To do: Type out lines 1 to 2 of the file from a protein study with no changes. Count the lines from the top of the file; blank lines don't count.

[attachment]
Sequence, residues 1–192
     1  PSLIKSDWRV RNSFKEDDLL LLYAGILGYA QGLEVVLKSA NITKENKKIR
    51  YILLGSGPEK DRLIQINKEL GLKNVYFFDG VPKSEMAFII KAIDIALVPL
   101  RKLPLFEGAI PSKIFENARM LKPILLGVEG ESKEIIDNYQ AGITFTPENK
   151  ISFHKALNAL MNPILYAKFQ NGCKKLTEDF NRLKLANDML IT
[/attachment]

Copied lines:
Sequence, residues 1–192
     1  PSLIKSDWRV RNSFKEDDLL LLYAGILGYA QGLEVVLKSA NITKENKKIR